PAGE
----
Tied up alongside in the port of Cape Town since Saturday, Groupama 3 certainly isn't being left in peace, far from it in fact. Barely had she reached the dock, then the shore crew managed by Yann Mérour, all of whom had made the trip down from Lorient, had taken control of matters with the assistance of the sailors. Structural analysis of the damage and observations made on site by composite specialists, confirm that it will indeed take a week's work before Groupama 3 can head out to sea again, bound for Brest, for a new stand-by period set to begin on 1st January 2010.
Benefiting from the technical means available in the Shosholoza base (a team which participated in the 32nd edition of the America's Cup), Pierre Tissier, Sandy Blanalt, Sarah Lynch and Eric Beylot are all working on Groupama 3's port float. In a dry, oppressive heat, which is favourable for working on carbon, they have begun by cutting out the faulty bulkhead and then constructing its replacement: “It's never easy to work in such a confined space. Luckily this bulkhead is very close to the access hatch though. This enables us to poke our heads out into the fresh air on a regular basis. It certainly is hot though!” says Eric Beylot, who is almost missing the gloomy weather reigning back home in Brittany.
Having made the journey down from Johannesburg, three infra-red analysis specialists have inspected the affected zone without finding any side-effects. This is a good thing according to the skipper of Groupama 3, who only rarely leaves his telephone, as he's in regular contact with his design office, the architects from the VPLP and HDS: “By running the data through their computers again, they've realised that the load case which concerns us today was not intended to exceed six tonnes. The sailing conditions we endured very certainly produced greater stresses than that. This is why we're also going to reinforce the equivalent bulkhead on the starboard float” explains Franck.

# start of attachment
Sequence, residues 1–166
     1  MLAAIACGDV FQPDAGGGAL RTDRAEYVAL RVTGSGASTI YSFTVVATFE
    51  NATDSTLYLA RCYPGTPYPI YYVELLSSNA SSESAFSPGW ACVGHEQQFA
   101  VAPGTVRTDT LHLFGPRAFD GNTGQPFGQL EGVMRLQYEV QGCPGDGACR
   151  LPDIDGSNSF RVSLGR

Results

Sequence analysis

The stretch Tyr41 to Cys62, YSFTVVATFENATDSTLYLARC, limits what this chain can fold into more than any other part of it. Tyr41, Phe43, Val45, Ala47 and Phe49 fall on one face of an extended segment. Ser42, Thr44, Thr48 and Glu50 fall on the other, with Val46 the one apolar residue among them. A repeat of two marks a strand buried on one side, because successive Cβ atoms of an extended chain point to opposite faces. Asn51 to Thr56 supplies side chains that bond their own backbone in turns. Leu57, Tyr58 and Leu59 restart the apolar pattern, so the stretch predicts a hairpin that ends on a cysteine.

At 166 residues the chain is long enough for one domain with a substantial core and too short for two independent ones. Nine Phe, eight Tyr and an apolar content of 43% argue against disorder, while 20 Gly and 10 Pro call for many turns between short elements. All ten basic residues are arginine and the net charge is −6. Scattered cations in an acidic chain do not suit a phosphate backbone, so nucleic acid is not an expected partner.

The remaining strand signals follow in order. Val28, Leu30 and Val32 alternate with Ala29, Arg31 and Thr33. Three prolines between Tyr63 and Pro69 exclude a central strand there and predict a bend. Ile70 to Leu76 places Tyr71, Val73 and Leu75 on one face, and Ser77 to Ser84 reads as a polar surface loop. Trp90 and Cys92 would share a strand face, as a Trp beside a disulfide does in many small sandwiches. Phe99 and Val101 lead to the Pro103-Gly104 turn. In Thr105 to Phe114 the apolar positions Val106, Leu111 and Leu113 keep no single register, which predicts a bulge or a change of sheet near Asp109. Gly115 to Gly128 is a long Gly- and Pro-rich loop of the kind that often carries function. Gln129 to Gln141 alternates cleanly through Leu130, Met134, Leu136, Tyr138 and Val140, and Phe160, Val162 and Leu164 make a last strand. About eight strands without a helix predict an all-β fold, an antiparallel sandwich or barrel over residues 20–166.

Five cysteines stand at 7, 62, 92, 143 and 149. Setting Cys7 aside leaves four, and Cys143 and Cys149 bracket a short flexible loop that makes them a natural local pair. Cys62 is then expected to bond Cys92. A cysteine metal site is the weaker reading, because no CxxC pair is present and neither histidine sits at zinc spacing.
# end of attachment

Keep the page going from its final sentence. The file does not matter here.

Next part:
As far as the rest of Groupama 3 is concerned though, she's in perfect condition, ready to head back out to sea and set off once again to tackle this famous Jules Verne Trophy record, the value of which can now be appreciated even more: “It's clear that in order to stand a chance of beating it, we're going to have to go fast. We're also going to have to go far, which we haven't managed to do to date. It's now down to us to prove we're capable of that. From the moment the damage occurred, the whole crew have expressed their commitment to this. I'm proud of them and also proud of Groupama 3, which is an excellent boat. The same goes for my loyal partner, Groupama who, once again, are giving us their support in what is a difficult time” concludes Franck Cammas.
During this time, the rest of the crew are rinsing off the deck fittings and foulies, tidying up their ‘home' and inspecting the deck from top to toe. Certain lines, such as those which control the descent and rise of the foils, are worn and have been replaced. When it's time for lunch, conversations regularly revolve around the anecdotes experienced during the first 11 days of this Jules Verne Trophy attempt. These are always coloured by laughter which demonstrates, if there were a need, the extent of the bond between the ten crew, who together form a great team.